December 12, 2014

January 2015 Department of State Visa Bulletin

The new visa bulletin is out at this link: January 2015 Visa Bulletin

Employment-based categories are as follows: EB-1 remains current for all countries; EB-2 is current for all countries, except India (February 15, 2005) and China (February 1, 2010); EB-3 is at June 1, 2013 for all countries, except India (December 15, 2003) and China (March 1, 2011); EB-3 other workers is at June 1, 2013 for all countries, except India (December 15, 2003) and China (July 22, 2005); EB-4, religious workers, EB-5 targeted employment areas and regional centers, and EB-5 Pilot Programs are all current. Family based petitions are backlogged, with the most recent date at April 15, 2013 for F2A (spouses and children under 21 of lawful permanent residents) and the longest queue for F4 Philippines (brothers and sisters of U.S. Citizens) of July 15, 1991.

December 5, 2014

President Obama’s Executive Actions on Immigration—What this Means for Business Immigration

On November 20, 2014, President Obama announced a series of executive actions on immigration that will include: (1) creating a deferred action program for the parents of U.S. citizen and lawful permanent resident children who meet the eligibility requirements; (2) implementing a “Priority Enforcement Program”; and (3) streamlining immigrant and nonimmigrant programs to boost the economy and create jobs in the U.S.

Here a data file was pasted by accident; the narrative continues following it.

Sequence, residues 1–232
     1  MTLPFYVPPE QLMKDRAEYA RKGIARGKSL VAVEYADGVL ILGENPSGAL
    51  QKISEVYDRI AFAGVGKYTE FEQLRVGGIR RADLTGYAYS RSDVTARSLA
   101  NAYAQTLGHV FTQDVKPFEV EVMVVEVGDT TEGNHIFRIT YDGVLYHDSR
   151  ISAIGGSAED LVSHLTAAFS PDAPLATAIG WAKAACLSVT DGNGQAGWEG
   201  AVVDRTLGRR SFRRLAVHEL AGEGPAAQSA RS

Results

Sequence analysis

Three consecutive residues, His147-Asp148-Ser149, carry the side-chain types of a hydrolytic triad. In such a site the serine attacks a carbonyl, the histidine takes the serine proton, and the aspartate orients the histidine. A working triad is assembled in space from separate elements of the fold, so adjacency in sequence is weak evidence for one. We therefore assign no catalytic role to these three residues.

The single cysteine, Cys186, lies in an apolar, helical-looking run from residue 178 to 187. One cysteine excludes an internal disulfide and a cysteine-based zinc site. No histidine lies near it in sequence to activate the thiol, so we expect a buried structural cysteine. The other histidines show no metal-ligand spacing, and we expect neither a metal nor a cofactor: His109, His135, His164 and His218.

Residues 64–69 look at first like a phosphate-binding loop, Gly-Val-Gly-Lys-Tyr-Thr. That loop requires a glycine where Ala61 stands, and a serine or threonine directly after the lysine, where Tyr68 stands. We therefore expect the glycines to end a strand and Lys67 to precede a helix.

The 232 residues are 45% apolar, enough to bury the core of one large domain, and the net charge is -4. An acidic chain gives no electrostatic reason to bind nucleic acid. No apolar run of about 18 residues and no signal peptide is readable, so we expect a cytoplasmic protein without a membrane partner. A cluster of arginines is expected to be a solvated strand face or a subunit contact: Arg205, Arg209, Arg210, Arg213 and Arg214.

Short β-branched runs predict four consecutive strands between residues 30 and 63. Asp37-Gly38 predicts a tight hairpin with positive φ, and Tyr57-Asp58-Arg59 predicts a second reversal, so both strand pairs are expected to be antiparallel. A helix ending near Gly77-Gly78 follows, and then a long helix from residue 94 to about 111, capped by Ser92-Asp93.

Actions related to business immigration changes include:

• Providing portable work authorization for high-skilled workers awaiting Lawful Permanent Resident (LPR) status and their spouses;
• Enhancing options for foreign entrepreneurs;
• Strengthening and extending on-the-job training for STEM graduates of U.S. universities;
• Streamlining the process for foreign workers and their employers, while protecting American workers;
• Reducing family separation for those waiting to obtain LPR status; and
• Ensuring that individuals with lawful status can travel to their countries of origin.

For more detailed information from the White House, please click here (

The President’s announcement was welcome news. However, as is often the case with new immigration measures, it may be some time before the actual implementation of the new programs. The USCIS has not yet announced any timeline for implementation of these changes. Detailed information about the timeline for implementation can be found on the USCIS’s Executive Actions website at:

November 21, 2014

President Obama Addresses the Nation on Immigration Reform

On November 20, 2014, President Obama announced he will provide immediate relief for many of those impacted by of our immigration system, and he is offering Congress an architecture for the permanent reforms.

Under the new policies announced, the Obama Administration will build on the Deferred Action for Childhood Arrivals (DACA) program by providing temporary relief for the parents of U.S. Citizens and lawful permanent residents. The new program, to be called Deferred Action for Parents (DAP), will ensure that millions of U.S. Citizen and lawful permanent resident children will remain unified with their parents. The President also announced new enforcement policies and steps to improve the adjudication of business and family visas.

According to the American Immigration Council, every U.S. President since at least 1956 has granted temporary immigration relief to one or more groups in need of assistance. Like his predecessors, President Obama did not provide a permanent legal status to anyone—only Congress can do that.